Disputes over how established a view is

The inclusion of a view that is held only by a tiny minority may constitute original research because there may be a lack of sufficiently credible, third-party, published sources to back it up.

See DrumCorpsWiki:Neutral point of view for more detailed information.

Origin of this policy: the opinion of Wikipedia's founder

Wikipedia's founder, Jimbo Wales, has described original research as follows:

The phrase "original research" originated primarily as a practical means to deal with physics cranks, of which of course there are a number on the Web. The basic concept is as follows: It can be quite difficult for us to make any valid judgment as to whether a particular thing is true or not. It isn't appropriate for us to try to determine whether someone's novel theory of physics is valid; we aren't really equipped to do that. But what we can do is check whether or not it actually has been published in reputable journals or by reputable publishers. So it's quite convenient to avoid judging the credibility of things by simply sticking to things that have been judged credible by people much better equipped to decide. The exact same principle will hold true for history" [1]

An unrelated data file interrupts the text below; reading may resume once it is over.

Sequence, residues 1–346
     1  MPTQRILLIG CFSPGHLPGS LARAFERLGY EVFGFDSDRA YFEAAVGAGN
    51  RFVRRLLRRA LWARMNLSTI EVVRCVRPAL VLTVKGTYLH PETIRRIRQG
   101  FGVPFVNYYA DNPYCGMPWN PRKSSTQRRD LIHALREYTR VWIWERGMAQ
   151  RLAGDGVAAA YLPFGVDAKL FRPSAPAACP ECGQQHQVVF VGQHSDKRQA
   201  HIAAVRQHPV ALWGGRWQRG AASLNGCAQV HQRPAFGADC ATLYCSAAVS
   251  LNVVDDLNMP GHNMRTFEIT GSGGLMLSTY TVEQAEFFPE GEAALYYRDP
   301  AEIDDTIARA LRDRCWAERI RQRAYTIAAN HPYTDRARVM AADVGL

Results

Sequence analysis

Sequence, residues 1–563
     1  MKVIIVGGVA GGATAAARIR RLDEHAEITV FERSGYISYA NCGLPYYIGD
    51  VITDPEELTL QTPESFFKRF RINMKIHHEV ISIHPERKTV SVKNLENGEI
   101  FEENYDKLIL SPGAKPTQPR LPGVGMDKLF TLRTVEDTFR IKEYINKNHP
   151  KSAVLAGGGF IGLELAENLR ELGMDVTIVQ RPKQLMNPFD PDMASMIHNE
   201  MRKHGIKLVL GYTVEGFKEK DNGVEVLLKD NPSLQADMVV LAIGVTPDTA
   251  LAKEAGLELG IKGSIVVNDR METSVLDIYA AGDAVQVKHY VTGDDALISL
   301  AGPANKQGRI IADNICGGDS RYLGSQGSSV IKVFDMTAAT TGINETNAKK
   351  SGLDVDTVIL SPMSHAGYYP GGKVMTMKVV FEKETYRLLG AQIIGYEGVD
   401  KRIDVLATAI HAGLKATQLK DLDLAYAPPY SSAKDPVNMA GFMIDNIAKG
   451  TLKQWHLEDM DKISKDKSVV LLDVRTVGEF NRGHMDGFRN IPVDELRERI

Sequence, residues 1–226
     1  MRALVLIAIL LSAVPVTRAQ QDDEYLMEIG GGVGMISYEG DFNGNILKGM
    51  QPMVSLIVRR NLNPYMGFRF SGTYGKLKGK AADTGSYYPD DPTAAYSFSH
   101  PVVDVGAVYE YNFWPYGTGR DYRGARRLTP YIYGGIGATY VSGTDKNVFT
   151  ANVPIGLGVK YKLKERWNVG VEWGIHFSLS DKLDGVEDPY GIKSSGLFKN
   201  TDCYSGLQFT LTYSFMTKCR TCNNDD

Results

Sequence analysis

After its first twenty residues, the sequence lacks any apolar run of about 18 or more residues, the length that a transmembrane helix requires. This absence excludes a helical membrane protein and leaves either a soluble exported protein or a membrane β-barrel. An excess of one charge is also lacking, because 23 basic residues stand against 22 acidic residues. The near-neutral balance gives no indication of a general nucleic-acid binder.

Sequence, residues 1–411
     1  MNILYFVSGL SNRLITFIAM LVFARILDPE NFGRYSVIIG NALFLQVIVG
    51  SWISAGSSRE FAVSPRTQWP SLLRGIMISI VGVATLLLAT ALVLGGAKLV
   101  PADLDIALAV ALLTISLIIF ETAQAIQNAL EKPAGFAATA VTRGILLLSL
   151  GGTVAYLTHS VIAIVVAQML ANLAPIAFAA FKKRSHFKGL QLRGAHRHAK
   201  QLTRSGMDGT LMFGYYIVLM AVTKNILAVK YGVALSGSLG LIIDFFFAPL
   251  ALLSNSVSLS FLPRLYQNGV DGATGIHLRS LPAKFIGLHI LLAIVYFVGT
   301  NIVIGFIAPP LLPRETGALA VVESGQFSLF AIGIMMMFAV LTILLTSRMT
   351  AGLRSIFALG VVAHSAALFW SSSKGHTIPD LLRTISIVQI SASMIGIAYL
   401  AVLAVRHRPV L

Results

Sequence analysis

Some who completely understand why Wikipedia ought not create novel theories of physics by citing the results of experiments and so on and synthesizing them into something new, may fail to see how the same thing applies to history. [2]

On talk pages and project pages

Like most DrumCorpsWiki policies, No original research applies to articles, not to talk pages or project pages, although it is regarded as poor taste to discuss personal theories on talk pages.

See also

Further reading

The original source of this article is from Wikipedia, used under the terms of the Wikipedia:GFDL. See this article's Talk page for details.